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Georgia court listed 'slave' as an occupation

Georgia court listed 'slave' as an occupation
A man completing a new online juror questionnaire for the DeKalb County Court in Georgia found a surprising and unpleasant suggestion when he was typing in his occupation: slave.

According to local NBC affiliate 11Alive News, the court doesn’t have an explanation yet for why the word is even on the questionnaire. The man filling out the form reportedly clicked the letter “s” intending to find the word “sales,” and instead ended up with “slave” as a suggestion.

Court Administrator Cathy McCumber told the station the online form just went live a month ago, and the list of occupations originated from the county’s previously offline catalogue, which had been used for 13 years prior. That list is 62 pages long, and McCumber couldn’t say if the word “slave” was always listed as an occupation or if it somehow showed up after the new questionnaire went online.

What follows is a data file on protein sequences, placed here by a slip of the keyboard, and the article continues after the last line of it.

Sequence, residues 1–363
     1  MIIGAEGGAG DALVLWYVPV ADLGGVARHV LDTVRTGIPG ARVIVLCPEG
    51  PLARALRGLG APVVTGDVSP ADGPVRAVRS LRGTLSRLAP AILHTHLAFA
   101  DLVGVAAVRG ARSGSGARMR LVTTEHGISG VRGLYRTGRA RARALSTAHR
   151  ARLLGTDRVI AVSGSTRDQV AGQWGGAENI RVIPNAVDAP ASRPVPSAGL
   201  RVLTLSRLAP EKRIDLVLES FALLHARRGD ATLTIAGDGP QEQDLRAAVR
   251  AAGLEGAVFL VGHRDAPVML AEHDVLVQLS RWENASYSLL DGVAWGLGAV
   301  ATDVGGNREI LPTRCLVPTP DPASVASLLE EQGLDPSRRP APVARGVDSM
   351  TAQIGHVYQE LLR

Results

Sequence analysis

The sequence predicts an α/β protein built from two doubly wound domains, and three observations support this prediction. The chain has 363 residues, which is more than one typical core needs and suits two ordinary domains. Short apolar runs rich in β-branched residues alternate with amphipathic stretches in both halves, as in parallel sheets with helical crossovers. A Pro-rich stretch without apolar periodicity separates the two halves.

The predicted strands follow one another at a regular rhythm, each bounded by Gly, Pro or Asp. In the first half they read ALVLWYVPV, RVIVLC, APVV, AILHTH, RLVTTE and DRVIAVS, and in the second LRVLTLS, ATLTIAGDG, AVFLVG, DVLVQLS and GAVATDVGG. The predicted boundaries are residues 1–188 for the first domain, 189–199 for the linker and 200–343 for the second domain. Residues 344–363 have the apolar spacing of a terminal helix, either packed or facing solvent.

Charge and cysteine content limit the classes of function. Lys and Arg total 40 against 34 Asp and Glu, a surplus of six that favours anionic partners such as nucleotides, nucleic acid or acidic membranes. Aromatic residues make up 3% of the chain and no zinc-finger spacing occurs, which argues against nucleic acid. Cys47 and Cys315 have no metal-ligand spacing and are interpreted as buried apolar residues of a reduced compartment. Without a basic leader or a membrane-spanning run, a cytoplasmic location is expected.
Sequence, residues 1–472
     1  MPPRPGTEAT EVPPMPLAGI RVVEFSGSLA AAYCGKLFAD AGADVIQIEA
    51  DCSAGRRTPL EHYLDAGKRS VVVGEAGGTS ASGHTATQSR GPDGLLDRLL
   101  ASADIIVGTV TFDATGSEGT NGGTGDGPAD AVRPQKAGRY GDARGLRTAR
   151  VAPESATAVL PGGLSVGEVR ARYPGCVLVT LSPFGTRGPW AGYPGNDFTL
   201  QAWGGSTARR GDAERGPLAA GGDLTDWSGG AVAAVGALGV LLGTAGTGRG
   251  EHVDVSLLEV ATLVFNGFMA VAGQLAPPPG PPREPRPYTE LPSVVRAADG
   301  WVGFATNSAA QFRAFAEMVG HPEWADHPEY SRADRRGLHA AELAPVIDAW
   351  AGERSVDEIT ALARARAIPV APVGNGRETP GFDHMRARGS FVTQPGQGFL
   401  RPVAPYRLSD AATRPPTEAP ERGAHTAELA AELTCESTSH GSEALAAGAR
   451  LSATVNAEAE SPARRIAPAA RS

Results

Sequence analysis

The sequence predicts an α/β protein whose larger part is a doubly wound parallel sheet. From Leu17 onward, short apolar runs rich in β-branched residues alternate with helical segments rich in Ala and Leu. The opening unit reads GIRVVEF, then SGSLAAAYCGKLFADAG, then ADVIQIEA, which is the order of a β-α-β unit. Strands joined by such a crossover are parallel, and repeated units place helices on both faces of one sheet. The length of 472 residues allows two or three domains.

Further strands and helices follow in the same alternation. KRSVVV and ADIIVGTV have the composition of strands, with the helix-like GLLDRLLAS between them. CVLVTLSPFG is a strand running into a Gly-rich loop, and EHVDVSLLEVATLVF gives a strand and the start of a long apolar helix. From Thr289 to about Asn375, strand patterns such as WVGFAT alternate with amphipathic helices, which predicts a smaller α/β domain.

The company in charge of developing the court’s software said the user is responsible for filling in the drop-down menus with whatever options they choose, which suggests the word was somehow added by a county employee

McCumber said it will take time for an investigation to figure out how or when the word entered the form’s database, but she added that it was removed within an hour of its discovery.

Speculations online have ranged from disbelief and anger to the possibility that an employee entered the word as a joke. DeKalb residents, meanwhile, reacted with shock when they were shown the questionnaire.

"So they're saying it's a mistake? I don't think so,” said Bridgette Mathis to 11Alive. “Why is that even an option? Wow."

"Hopefully it's just a glitch and hopefully it will be worked out,” Anna Wyatt said. “It doesn't make sense, but at the same time people make mistakes.”